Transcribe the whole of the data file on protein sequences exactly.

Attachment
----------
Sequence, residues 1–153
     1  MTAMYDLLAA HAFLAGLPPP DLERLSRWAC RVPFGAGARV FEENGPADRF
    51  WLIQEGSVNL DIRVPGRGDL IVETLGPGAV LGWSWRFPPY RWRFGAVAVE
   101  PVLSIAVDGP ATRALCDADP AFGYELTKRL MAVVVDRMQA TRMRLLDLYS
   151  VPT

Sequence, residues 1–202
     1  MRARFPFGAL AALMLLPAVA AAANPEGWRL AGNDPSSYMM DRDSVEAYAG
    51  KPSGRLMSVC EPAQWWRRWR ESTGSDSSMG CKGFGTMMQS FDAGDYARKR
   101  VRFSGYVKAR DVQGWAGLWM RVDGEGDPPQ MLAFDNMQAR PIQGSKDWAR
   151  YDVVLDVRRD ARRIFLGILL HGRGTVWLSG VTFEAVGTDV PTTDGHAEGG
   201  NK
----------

Sequence, residues 1–153
     1  MTAMYDLLAA HAFLAGLPPP DLERLSRWAC RVPFGAGARV FEENGPADRF
    51  WLIQEGSVNL DIRVPGRGDL IVETLGPGAV LGWSWRFPPY RWRFGAVAVE
   101  PVLSIAVDGP ATRALCDADP AFGYELTKRL MAVVVDRMQA TRMRLLDLYS
   151  VPT

Sequence, residues 1–202
     1  MRARFPFGAL AALMLLPAVA AAANPEGWRL AGNDPSSYMM DRDSVEAYAG
    51  KPSGRLMSVC EPAQWWRRWR ESTGSDSSMG CKGFGTMMQS FDAGDYARKR
   101  VRFSGYVKAR DVQGWAGLWM RVDGEGDPPQ MLAFDNMQAR PIQGSKDWAR
   151  YDVVLDVRRD ARRIFLGILL HGRGTVWLSG VTFEAVGTDV PTTDGHAEGG
   201  NK